I was trying to find a way to get some enjoyment out of my Logitech Wingman Formula Force (LWFF) steering wheel. I couldn't think of any way to easily modify the pedals because the potentiometers have too small of an arc. I could physically increase the pedal travel, but it wouldn't do any good because of the pots' limited range.
Then it hit me. What better way to enhance this thing than to add some high quality Act Labs parts. I modified a set of Act Labs pedals as shown in the Act Labs Pedals article, then wired it with the Logi wire harness. What a treat it is to drive with these pedals. Then to top it off, I wired an Act Labs RS Shifter to the wheel. Wiring it and installing a plug was pretty straight forward, although I did have to add a diode in the new ground circuit so it wouldn't interfere with a couple of the standard LWFF buttons. I wired the RS Shifter as switches 1 and 2, the standard paddle switches, and either the paddles or the Shifter can be used while driving. I may change the RS Shifter to use the bottom button switches so that the paddles can be used as an emergency brake or clutch because they're easier to reach than the buttons.
The RS Shifter is so much fun to use that I find myself looking for opportunities to shift while driving. It's smooth action and comfortable position just feel good. Still, something was missing from the package. I already have a $35 leather wrapped, steel B&M shift knob, and a $20 burled walnut/silver Racer's Choice knob, but I wanted something to go with the red wheel so the color wouldn't seem so out of place. A quick trip to my favorite auto parts store and just under $20 yielded me a nice composite shift knob from XtremeFX. They're also available in yellow for those who have the non-FF version of this wheel.
The LWFF wheel has only 6 switches, but it would be possible to wire the RS Shifter with reverse and 5 forward speeds if you don't care to use the wheel buttons for anything else. I opted to just use the shifter in sequential mode. Of course, adding these Act Labs components to the LWFF won't increase your FF strength and change your wheel into a Force RS, but they do add to the enjoyment of the wheel if you already have one.
I did some other tweaks to the wheel. It centered slightly to the right, so I added a 470K ohm resistor across the red and brown steering pot terminals. There are no trimmer adjustments for this in the wheel, although it does have a force balance trimmer. Worse yet, Logitech doesn't stock any parts for their wheels. This includes pots and springs, items that you can normally expect to wear out. But what you can do is ship the wheel back to them ($12 ?) along with $100 and they'll send you a new wheel. I certainly hope nobody is stupid enough to actually do this because you can buy a new wheel for around $116 and keep your old one for spare parts. You could also buy a non-FF Logi wheel for around $70 and use the pots from that. But better still, you could simply buy a different wheel from a manufacturer who knows what customer service is and stocks parts. Logitech's customer service policy in this matter is the worst I've ever seen. The attitude I got was that people will buy the wheels because of the Logi name and one unhappy customer won't change that. Thankfully, this policy is not normal for other wheel manufacturers. The wheel also had excessive slop in the steering shaft, so I used hot glue to secure the outer nylon bushing to the metal mounting plate. The hot glue holds it in place, but can be peeled off later if need be. Finally, the limited steering arc of 180° was easily increased to about 215° by changing the stoppers.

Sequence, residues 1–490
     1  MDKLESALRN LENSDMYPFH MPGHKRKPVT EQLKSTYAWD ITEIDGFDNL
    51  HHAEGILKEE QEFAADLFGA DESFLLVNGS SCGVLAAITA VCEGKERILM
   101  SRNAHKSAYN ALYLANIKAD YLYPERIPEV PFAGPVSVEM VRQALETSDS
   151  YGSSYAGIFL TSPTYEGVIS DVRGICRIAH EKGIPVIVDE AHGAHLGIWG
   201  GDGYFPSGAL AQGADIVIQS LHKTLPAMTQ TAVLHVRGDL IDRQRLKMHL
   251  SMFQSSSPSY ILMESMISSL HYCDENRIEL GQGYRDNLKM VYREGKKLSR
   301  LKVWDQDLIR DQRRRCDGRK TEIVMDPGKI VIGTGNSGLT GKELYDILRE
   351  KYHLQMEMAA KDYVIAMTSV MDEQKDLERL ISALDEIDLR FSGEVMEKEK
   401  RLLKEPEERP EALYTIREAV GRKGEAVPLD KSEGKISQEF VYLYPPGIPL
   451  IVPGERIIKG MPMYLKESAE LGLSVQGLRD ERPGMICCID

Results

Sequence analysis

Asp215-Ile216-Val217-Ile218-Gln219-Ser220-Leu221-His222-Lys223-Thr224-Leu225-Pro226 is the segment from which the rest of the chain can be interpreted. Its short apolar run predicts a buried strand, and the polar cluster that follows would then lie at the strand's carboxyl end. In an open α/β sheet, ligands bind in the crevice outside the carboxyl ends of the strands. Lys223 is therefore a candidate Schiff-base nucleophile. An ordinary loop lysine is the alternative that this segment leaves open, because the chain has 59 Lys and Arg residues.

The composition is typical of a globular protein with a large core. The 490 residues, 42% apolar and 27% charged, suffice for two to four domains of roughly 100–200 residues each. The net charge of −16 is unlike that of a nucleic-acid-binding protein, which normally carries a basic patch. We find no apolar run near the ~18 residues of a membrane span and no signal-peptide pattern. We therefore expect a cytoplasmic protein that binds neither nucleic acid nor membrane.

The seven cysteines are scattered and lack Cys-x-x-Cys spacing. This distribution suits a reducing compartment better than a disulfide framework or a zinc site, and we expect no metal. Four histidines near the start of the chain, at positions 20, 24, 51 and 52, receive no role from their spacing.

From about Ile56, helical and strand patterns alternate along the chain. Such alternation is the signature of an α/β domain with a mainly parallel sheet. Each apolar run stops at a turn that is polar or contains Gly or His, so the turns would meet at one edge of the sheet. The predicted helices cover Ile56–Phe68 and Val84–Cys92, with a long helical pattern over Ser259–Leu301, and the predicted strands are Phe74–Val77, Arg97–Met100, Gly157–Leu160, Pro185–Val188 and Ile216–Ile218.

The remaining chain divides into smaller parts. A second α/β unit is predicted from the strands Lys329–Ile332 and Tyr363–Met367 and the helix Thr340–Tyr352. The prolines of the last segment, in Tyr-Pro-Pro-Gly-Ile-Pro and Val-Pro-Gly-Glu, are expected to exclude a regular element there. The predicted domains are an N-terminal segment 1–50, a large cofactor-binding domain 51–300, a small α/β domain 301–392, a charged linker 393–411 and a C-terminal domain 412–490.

I may include a full 'how-to' article on these tweaks later. In the mean time here are some more pictures of the Act Labs modified LWFF wheel.
Added July 17, 2000
Because of the number of requests I've received to show the actual wiring of the RS Shifter and LWFF, I've just added the following pictures. This will wire the Shifter to use button 5 (left lower button) as the forward throw of the Shifter (downshift) and button 6 (right lower button) as the rearward throw of the Shifter (upshift). This will leave the paddles free for things like a clutch or emergency brake. I used a 1/4" stereo phone jack, single circuit, normally open. Radio Shack part number 274-312B. The 2 pictures below show the wiring of the jack and printed circuit board.
A diode is run on the ground wire. I used an LED because that's the only thing I had hanging around, but any diode of reasonable value (1/4" or longer) will do. I originally did this tweak a couple months ago, but I believe the neg. side of the diode (bar side on a normal diode, long lead on an LED) faces the jack, and the positive side faces the board. Eventually, when the RS Shifter is plugged in, you should test the operation before final reassembly. If you find that several buttons trigger at the same time, turn the diode around. The picture below shows the wiring of the plug. The DIN plug is cut off the Shifter and this 1/4" stereo phone plug is added in it's place. Only 3 wires are used. It's probably a good idea to leave a few inches or a foot of wire with the DIN plug in case you ever want to splice the wires together again later. Alternately, you could open up the Shifter and add a new wire so the Shifter could be used with a LWFF or Force RS.
Apr 16, 2000